• Challenges surround the determination of how large the prize should be.
  • They may encourage wasteful, duplicative research efforts and expenditures.
  • They are largely untested in the context of breakthrough medical technologies.
  • They require significant amounts of information to estimate the value and effectiveness of the innovation, information that may be expensive and difficult to collect.
  • Administration of the prize will present its own set of operational and administrative challenges.
  • The administrative agency may be subject to bureaucratic abuses and regulatory capture.
  • Significant sources of funding are required.

Immense uncertainty surrounds whether a prize system would be superior to the existing patent system.  While overcoming some of the limitations of the current system, a different set of limitations would emerge.  Moreover, a lack of empirical evidence surrounding the utilization of a prize system to incentivize pharmaceutical innovation suggests a cautious approach is in order.

It’s important to acknowledge that drug development is expensive, difficult, and risky.  The number that is most frequently cited is $1 billion to develop a new drug.  (This figure originated with a study by Joseph DiMasi of Tufts University. See here  for an excellent review of DiMasi’s calculation from Health Affairs.)  This number is highly controversial, but even if the cost of drug development is half this amount, it is still a tremendously expensive endeavour. It is also difficult, taking an average of ten to fifteen years, with no guarantee of success. Recent studies demonstrate that only two in ten new drugs are profitable, with lifetime sales that exceed average research and development (R&D) costs. Under the existing system, pharmaceutical innovation is incentivized by potential profit.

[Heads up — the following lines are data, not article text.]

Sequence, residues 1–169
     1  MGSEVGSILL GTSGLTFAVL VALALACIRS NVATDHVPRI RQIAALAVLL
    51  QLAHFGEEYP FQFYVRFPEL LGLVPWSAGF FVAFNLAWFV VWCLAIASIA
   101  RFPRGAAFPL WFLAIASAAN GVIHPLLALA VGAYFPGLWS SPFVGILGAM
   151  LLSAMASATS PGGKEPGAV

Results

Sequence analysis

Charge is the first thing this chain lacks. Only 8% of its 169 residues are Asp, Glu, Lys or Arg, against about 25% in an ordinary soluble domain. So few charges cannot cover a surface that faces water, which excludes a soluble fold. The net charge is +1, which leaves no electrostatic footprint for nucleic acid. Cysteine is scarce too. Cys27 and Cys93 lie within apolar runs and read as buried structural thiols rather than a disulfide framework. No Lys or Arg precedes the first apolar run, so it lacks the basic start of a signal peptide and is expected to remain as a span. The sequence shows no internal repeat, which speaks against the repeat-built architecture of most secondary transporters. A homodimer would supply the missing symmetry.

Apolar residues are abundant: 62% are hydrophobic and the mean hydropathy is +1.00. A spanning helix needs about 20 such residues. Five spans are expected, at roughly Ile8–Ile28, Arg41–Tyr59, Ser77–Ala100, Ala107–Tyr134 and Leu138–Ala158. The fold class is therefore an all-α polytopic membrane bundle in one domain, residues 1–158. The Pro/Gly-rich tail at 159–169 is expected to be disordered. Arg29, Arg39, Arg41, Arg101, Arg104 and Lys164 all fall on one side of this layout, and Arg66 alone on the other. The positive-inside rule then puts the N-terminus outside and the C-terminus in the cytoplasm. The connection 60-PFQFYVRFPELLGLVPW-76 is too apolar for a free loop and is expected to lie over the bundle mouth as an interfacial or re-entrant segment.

Fundamentally, the patent system works, however imperfectly.  It is impossible to overlook the tremendous contributions that existing medicines, incentivized by the patent system, have made to longevity and quality of life.  While potential improvements and alternative mechanisms should be actively explored the costs and benefits of any alternative should be thoroughly scrutinized. We should be careful that the baby is not thrown out with the bathwater.

Dr Kristina Lybecker is Associate Professor of Economics at Colorado College in Colorado Springs. Kristina is an economist with a PhD from the University of California at Berkeley. She specialises in innovation and intellectual property rights and has been writing on these issues for 12 years. She is currently employed full-time at Colorado College. In the interests of transparency, the writer states that she has been commissioned to work for the pharmaceutical industry on issues of innovation, corruption, counterfeiting and intellectual property rights. However, she has not been compensated or otherwise rewarded for this piece which stems from her intellectual interest in the topic and closely relates to her academic research.